Cautious optimism at bitcoin summit despite uncertain future

May 10, 2014 by Felicia Sonmez
Promotion girls pose during the opening ceremony of the city's first bitcoin retail shop in Hong Kong on February 28, 2014

Some 200 virtual currency enthusiasts excitedly traded namecards and participated in panel discussions Saturday at China's first-ever Global Bitcoin Summit—but several expressed shock that the event was given the green light in the first place.

Bitcoin is a form of cryptography-based e-money that can be stored either virtually or on a user's hard drive, and offers a largely anonymous payment system.

Speculators drove China's Bitcoin prices into the financial stratosphere last year, peaking at 7,588.88 yuan (now $1,224) in November, prompting the ruling Communist Party to take a series of steps that have triggered a tumble in the the and cast doubt on its future.

"I'm a little bit worried," Eric Gu, the co-founder of the Shanghai-based Bit Angels Club, told AFP on the sidelines of the gathering at Beijing's National Convention Centre.

"This morning, when I woke up, I was concerned, 'Will I be able to get into this summit at all?'"

This week, China's five largest Bitcoin exchanges abruptly declared they were pulling out of the Global Bitcoin Summit. The announcement followed an order from China's central bank to the country's top banks to crack down on activity related to the virtual currency.

At least 11 banks have ceased providing services related to Bitcoin, according to separate announcements, including China's "Big Four"—ICBC, Bank of China, China Construction Bank and Agricultural Bank of China.

Despite government attempts to rein in the virtual currency and an order from Chinese authorities prohibiting domestic media from covering the event, the first day of the two-day summit was allowed to take place as planned on Saturday.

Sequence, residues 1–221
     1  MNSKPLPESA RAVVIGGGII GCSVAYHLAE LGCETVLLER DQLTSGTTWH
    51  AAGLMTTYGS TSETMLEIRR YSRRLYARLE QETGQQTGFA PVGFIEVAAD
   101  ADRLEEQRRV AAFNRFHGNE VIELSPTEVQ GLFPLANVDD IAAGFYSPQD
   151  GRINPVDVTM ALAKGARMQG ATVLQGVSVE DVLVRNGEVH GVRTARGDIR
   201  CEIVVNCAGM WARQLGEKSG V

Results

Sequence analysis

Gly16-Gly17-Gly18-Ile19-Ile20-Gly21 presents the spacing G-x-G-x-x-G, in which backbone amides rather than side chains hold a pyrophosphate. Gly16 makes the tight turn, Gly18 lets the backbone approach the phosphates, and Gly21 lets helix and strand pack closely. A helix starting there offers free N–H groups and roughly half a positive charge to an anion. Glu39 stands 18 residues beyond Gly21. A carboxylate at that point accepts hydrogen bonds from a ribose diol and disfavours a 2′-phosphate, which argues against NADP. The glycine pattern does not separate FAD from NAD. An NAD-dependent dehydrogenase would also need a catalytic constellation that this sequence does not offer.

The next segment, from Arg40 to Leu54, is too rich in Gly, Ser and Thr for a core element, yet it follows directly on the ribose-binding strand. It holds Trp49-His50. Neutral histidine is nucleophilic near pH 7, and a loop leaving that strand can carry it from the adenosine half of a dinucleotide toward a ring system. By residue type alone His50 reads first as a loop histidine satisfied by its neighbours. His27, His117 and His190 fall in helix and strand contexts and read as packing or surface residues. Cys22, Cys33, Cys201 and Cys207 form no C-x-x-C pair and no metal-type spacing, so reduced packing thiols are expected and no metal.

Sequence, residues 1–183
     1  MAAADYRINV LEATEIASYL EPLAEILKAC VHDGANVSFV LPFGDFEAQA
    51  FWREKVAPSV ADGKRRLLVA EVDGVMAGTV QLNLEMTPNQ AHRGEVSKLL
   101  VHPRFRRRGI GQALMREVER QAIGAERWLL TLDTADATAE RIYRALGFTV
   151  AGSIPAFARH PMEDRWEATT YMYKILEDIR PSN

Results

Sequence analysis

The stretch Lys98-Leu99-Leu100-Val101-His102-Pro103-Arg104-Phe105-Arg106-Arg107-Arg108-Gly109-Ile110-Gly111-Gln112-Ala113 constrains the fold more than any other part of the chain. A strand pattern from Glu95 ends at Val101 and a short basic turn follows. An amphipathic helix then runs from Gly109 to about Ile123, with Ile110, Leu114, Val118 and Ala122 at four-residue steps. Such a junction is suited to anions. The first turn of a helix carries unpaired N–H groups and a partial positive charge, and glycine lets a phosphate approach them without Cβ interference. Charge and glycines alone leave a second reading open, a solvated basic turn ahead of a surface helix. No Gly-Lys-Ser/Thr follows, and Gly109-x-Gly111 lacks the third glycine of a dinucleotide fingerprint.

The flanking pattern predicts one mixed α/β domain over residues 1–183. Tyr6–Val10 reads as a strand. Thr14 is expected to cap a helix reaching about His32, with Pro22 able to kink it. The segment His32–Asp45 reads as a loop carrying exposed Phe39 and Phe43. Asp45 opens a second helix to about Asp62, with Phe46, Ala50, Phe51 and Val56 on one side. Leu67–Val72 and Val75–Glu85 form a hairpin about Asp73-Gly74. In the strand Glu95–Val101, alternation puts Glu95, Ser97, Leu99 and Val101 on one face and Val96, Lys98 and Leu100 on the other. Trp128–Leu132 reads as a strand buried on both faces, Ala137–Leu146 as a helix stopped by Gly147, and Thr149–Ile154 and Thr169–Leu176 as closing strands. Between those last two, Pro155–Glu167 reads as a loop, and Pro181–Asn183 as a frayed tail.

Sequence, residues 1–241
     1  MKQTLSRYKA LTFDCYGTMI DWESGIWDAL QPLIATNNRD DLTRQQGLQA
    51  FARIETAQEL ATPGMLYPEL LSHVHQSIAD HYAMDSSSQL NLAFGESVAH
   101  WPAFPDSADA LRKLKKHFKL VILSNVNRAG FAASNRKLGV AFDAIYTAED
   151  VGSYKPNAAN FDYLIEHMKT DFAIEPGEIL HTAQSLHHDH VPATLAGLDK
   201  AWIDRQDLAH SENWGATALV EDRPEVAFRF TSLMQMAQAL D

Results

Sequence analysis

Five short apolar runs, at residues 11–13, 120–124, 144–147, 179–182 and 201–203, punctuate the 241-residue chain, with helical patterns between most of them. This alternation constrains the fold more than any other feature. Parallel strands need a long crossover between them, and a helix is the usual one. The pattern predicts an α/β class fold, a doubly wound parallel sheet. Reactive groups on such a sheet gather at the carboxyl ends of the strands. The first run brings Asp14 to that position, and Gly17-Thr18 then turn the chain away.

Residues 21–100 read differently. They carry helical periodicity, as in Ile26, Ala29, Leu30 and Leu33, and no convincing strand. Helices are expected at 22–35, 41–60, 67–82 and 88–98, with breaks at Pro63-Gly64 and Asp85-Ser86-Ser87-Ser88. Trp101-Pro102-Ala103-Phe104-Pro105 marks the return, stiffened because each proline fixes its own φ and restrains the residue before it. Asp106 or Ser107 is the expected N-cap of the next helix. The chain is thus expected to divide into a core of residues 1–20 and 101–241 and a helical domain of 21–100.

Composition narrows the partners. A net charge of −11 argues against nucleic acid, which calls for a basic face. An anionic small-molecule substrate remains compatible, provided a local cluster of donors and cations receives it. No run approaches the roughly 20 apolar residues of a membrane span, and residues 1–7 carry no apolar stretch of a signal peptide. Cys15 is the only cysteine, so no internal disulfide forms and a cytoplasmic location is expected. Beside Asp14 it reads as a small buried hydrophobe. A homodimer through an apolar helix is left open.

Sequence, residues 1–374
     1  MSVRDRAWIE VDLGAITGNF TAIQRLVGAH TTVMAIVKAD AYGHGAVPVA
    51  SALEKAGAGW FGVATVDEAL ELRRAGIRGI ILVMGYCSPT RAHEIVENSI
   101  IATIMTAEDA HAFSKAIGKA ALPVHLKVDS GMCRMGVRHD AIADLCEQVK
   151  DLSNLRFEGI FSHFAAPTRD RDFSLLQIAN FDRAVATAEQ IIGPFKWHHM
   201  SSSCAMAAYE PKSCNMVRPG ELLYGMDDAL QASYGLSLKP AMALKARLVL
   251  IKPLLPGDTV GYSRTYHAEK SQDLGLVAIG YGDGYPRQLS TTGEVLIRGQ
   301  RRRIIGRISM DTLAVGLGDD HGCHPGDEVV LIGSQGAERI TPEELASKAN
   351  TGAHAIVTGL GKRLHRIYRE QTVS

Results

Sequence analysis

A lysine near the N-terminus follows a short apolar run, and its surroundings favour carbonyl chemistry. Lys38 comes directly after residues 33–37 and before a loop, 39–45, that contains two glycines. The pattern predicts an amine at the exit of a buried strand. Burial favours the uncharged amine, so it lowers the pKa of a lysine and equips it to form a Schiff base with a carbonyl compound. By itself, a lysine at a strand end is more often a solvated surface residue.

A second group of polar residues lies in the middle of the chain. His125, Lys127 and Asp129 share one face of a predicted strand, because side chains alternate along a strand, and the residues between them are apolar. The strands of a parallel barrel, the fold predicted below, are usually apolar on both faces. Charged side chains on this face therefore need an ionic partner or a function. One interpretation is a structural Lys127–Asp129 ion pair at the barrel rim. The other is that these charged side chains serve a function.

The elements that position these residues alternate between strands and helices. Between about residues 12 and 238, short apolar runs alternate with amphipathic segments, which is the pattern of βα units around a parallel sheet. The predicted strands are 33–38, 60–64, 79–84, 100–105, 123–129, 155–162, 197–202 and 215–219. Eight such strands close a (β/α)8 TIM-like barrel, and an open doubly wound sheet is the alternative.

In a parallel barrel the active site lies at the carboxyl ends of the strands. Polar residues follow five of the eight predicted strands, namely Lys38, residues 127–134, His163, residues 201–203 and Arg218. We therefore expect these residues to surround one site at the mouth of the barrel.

Several attendees told AFP that they were cautiously optimistic about the future of Bitcoin, with some even voicing support for the Chinese government's stepped-up regulation of the currency, which is not backed by any government or central bank.

China 'let Bitcoin grow wild'

"I think the government was pretty good to the Bitcoiners in China—at the beginning," said Gu, whose company invests in Bitcoin startups. "It was kind of too good."

"China has the biggest exchanges in the whole world," he said. "The rest of the world's exchanges combined wouldn't compare to one exchange in China. So, the Chinese government let Bitcoin grow wild. Now they feel, 'Oh, let's slow down a little bit.'"

Loning, a Bitcoin user from the northeastern city of Tianjin who declined to give his last name, said that while rumours had swirled that the summit might be shut down, the conference was "mainly an academic one; we're not here to try to influence the government".

Chinese authorities may not ban the currency outright, he added, but "they may severely restrict it".

"What the Chinese government cares most about is stability—even if that's not exactly what we want," he said.

Uncertainty over Bitcoin's future in China did not appear to stop organisers from promoting its use at the summit.

One large sign erected near the centre of the hall announced that attendees who filled out a survey would have a chance to win an iPad mini, an iPod shuffle—or one-tenth of a Bitcoin.

'I'm surprised the conference was allowed to go on'

Among the international attendees was Bitcoin Alliance of Canada executive director Anthony Di Iorio, who flew to Beijing from Toronto to speak on a two-hour panel Saturday evening.

"In China, it's really weird right now," Di Iorio told AFP. "You've got the five exchanges that pulled out at the last minute, and they're not speaking, either. I'm surprised the conference was allowed to go on."

"I think some of them are scared," he added of Chinese Bitcoin enthusiasts. "But I mean, they're just passionate about this amazing technology. ... The space in general is growing rapidly. From what I'm hearing in China, I think there will be some breakthroughs."

China's recent regulatory steps have led to speculation that Bitcoin is all but dead in the country.

But for some participants on Saturday, merely having the opportunity to connect in person for the first time with fellow users overshadowed those doubts—at least for the time being.

"For many of the top Bitcoiners in China ... you wouldn't dream something like this would happen—everybody you know online, they're actually physically here," Gu said. "It's amazing."

Explore further: Vietnam says bitcoin transactions are illegal

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